Debate over school Wi-Fi reignites

Debate over allowing wireless Internet into Greater Victoria schools will take centre stage again after a year-and-a-half hiatus.

Debate over allowing wireless Internet into Greater Victoria schools will take centre stage again after a year-and-a-half hiatus.

The district’s Wi-Fi committee, established in January 2011 to investigate parental concerns over alleged health affects linked to wireless Internet in schools, will meet Wednesday night (Oct. 17).

The committee plans to review any new information regarding the technology that was submitted between May 2011 and this month. It doesn’t plan on making a ruling yet on allowing Wi-Fi into schools.

“There is no question on the table that says ‘should we or should we not?’” said Pat Duncan, associate superintendent and committee chair.

“People seem to think that there’s a predetermined outcome, that: ‘The school board is putting Wi-Fi in schools,’” added Peg Orcherton, chair of the Greater Victoria board of education. “The determination as to what would happen hasn’t been made.”

All high schools and one elementary school in the district have Wi-Fi, but the technology hasn’t been installed in any other schools since the committee was struck.

The committee set a deadline of Oct. 9 to collect new information for review. A small but vocal group of people opposed to Wi-Fi have submitted about 30 items for review, Duncan said, in addition to nearly 200 website addresses, which did not contain new information.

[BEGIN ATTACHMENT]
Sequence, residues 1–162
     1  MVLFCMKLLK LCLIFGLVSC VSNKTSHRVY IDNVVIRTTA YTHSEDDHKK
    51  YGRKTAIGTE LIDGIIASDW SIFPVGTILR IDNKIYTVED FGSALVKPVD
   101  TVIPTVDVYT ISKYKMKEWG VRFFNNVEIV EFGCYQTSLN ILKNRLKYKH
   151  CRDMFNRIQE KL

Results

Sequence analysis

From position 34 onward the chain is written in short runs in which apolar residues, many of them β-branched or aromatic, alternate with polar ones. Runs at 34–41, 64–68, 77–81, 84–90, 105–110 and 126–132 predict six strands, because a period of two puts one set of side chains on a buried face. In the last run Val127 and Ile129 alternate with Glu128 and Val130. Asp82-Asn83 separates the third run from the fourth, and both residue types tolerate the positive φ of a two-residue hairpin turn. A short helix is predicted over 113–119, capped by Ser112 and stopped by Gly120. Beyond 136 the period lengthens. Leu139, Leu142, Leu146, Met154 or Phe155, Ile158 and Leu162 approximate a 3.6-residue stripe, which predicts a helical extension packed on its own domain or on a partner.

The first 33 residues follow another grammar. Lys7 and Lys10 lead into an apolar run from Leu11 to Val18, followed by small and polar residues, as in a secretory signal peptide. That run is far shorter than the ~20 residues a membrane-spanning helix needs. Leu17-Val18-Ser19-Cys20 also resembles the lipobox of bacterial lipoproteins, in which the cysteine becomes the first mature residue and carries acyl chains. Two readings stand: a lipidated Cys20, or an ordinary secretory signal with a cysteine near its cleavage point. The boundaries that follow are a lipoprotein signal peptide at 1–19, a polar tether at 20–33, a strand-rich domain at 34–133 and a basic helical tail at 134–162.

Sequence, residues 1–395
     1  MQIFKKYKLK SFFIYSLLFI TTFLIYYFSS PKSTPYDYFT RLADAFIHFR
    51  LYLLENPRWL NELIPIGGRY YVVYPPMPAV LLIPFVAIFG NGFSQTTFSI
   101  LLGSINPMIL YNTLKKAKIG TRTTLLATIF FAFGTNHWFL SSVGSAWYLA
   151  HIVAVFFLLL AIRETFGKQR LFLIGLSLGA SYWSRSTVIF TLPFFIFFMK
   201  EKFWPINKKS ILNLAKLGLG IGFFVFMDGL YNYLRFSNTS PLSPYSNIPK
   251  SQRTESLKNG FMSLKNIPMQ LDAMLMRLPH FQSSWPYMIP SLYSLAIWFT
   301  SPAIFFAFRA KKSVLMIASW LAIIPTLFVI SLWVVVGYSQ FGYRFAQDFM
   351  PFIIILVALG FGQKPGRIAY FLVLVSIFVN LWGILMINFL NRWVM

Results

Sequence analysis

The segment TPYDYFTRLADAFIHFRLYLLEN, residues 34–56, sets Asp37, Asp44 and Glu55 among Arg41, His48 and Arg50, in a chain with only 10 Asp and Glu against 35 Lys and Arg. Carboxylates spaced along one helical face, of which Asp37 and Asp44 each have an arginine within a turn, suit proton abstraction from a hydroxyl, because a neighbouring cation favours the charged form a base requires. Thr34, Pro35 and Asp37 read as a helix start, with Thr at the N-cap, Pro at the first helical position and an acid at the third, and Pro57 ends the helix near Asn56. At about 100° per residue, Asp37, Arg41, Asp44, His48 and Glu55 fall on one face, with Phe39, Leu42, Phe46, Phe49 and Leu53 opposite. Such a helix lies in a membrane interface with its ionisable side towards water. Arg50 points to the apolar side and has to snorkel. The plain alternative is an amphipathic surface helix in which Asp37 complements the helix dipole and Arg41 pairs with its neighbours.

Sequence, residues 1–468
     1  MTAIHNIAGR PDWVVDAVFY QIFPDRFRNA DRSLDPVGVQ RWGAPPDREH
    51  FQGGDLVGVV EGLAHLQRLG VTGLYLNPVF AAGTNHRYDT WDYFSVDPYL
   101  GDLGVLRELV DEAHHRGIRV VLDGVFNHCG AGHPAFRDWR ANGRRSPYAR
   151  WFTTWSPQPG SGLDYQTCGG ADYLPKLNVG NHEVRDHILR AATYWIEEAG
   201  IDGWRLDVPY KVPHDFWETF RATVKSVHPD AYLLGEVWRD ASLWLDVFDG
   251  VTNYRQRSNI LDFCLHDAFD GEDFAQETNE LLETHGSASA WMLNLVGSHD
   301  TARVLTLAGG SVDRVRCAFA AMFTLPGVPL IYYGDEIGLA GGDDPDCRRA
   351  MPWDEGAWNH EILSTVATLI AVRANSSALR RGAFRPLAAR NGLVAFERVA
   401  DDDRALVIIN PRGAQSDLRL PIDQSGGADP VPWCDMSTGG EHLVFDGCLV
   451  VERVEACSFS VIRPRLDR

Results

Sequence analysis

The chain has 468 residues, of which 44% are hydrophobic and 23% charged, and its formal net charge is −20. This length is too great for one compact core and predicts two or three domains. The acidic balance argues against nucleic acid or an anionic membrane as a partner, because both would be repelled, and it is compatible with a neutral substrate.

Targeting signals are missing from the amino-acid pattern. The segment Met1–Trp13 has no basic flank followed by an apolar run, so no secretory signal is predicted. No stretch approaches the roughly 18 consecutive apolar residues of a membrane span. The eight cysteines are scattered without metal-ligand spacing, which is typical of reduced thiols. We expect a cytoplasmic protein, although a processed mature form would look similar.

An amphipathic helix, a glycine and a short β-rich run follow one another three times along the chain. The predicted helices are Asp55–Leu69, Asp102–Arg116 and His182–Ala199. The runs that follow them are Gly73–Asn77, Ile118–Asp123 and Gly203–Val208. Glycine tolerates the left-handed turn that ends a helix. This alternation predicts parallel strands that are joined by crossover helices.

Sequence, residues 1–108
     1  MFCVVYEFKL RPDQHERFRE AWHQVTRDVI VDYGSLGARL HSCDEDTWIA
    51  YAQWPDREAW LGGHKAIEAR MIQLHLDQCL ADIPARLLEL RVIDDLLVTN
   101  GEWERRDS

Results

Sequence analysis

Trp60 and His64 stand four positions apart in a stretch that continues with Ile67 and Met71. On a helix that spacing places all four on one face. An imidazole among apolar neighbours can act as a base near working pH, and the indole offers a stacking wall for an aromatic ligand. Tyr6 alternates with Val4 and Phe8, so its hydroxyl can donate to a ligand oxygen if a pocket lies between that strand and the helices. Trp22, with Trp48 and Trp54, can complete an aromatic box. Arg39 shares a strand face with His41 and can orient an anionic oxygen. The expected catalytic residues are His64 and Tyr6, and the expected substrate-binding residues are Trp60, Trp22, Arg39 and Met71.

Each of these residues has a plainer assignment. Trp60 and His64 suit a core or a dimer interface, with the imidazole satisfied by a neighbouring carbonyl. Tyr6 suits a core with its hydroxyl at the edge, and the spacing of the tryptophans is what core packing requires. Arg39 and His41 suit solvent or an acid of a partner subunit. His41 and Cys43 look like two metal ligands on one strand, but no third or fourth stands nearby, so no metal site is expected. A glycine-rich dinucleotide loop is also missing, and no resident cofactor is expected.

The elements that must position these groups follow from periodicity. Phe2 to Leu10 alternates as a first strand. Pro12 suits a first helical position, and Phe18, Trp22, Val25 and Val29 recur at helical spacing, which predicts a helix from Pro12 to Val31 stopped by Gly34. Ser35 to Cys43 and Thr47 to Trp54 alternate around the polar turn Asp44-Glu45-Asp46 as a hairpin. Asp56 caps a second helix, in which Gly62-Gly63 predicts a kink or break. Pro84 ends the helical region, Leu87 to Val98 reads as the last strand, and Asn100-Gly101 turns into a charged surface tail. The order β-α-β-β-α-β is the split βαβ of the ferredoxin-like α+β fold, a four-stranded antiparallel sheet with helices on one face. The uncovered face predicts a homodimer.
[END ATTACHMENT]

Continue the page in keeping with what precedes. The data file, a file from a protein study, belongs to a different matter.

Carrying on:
Committee member and board trustee Diane McNally, an outspoken opponent of Wi-Fi in schools, has brought forward her concerns not only regarding the safety technology, but also the way in which the committee was formed, with Duncan having taken over for previously appointed chair, former secretary-treasurer George Ambeault.

“I don’t understand why we’re meeting for no purpose,” McNally said. “The fact that there’s a meeting going to be held, to me would imply there’ll be a reconsideration. I question the whole legitimacy of the committee.”

Orcherton said she has empathy for those on both sides of the emotional issue.

“We have a mission statement to keep our children safe,” she said. “Having said that we live in a huge world full of new technology.”

The meeting is from 5 until 7 p.m. at the Greater Victoria board of education office, 556 Boleskine Rd.



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